For many years, this was my favorite film ever (before I had become an avid film watcher), but even now, it’s still high on my list. If you are one of the maybe ten people out there that haven’t seen this film, drop what you are doing and go watch it. But make sure you have about 10 hours to spare, you won’t want to stop with just one.

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One Response to The Lord of the Rings: The Fellowship of the Ring Review

  1. Poze August 15, 2014 at 2:01 pm

    The reason why this first part of Jackson’s ‘Lord of the Rings’ is superior to his latter two parts is because of restraint. Jackson was restrained from over doing it with the CGI and “epic” battle sequences, which in my opinion does not make a story epic. Part of the reason was simply because Tolkien did not have very many battles in the first part of his book, which thankfully forced Jackson to focus on creating a believable world rather than a believable hack-n-slash action movie.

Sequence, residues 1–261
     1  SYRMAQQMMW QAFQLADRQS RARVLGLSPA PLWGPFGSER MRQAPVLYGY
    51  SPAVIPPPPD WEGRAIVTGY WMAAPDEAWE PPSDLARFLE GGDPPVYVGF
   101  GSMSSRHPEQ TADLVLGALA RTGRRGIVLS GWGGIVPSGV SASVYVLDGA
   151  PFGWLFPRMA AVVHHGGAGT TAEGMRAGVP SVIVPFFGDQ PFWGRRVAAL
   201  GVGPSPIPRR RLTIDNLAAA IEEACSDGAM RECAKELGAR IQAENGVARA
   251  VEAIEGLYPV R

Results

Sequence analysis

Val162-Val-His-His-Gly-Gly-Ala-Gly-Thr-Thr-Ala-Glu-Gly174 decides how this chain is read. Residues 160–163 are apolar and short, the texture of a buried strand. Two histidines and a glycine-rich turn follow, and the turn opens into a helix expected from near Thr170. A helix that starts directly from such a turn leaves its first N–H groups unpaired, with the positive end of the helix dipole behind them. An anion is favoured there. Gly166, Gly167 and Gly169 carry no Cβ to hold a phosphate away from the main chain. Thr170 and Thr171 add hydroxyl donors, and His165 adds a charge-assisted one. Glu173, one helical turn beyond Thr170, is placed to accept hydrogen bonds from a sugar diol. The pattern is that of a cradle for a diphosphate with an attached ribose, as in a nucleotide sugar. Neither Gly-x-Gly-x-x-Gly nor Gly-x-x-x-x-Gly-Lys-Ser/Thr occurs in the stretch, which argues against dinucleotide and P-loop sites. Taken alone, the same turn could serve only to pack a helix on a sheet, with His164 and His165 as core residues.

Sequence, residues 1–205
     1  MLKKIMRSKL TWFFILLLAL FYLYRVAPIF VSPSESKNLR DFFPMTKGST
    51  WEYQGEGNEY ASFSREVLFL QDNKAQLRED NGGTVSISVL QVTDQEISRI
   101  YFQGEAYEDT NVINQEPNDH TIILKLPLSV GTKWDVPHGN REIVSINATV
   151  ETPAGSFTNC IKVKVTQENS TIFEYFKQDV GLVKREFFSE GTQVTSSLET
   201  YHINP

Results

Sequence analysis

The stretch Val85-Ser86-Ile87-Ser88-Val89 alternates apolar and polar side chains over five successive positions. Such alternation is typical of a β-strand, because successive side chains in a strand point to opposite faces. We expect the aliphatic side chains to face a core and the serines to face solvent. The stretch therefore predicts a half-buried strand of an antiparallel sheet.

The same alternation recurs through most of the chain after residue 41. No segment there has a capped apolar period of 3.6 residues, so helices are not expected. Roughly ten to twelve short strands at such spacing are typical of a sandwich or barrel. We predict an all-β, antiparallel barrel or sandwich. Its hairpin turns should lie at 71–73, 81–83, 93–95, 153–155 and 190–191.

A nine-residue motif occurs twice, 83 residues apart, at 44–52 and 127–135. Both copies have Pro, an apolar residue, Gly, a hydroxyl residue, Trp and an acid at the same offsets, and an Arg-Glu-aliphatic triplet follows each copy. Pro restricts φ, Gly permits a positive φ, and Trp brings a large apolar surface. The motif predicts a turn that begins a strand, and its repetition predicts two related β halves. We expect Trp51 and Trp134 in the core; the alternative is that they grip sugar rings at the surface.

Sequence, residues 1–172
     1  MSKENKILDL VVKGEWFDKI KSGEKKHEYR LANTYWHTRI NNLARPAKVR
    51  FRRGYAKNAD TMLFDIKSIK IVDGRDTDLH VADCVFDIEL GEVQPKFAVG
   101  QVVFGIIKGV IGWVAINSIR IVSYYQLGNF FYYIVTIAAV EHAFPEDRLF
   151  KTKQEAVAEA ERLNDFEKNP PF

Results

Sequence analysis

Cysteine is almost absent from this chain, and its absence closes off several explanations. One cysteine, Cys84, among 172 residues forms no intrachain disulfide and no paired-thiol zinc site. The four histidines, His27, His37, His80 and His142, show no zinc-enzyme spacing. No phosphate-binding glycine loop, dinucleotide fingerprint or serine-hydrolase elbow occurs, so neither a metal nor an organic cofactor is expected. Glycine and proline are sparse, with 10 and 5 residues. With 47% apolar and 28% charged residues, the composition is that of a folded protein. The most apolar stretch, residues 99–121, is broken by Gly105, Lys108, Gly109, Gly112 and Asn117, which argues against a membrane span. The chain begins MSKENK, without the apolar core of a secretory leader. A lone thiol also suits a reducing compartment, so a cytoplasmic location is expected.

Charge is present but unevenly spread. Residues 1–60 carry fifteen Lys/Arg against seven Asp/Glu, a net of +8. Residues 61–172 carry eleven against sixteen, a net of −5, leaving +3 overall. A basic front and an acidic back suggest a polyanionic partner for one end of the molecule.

I don’t find much entertainment in watching people mutilate each other, but I love it when a movie engages me in a world, and ‘The Fellowship of the Ring’ does just that. Certainly the most breathtaking scenes in the movie are the moments of patient observation, when the camera pans around and captures the beautiful settings of Middle Earth. I must give Jackson credit. He did hire some very extraordinary artists that have envisioned one of the grandest interpretations of Tolkien’s world.

    There are about five particular moments that stick out in my mind and gave me that tingle of goosebumps down my spine when I saw them for the first time. The first is the introduction to Hobbiton. After the somewhat awkward prologue, I was beginning to have my doubts to whether the movie would live up to the book. But the movie surprised me. Hobbiton is perfect. The houses have flower patches and old fences, the roads look worn and made through decades of travel, and the Old Mill spins with the laziness of a quiet town. Every color is vibrant and every moment looks as through it was taken out of a picture book. Although I still don’t agree with the particular look of the Hobbits, I believe everything else in Hobbiton is worthy of Tolkien’s words.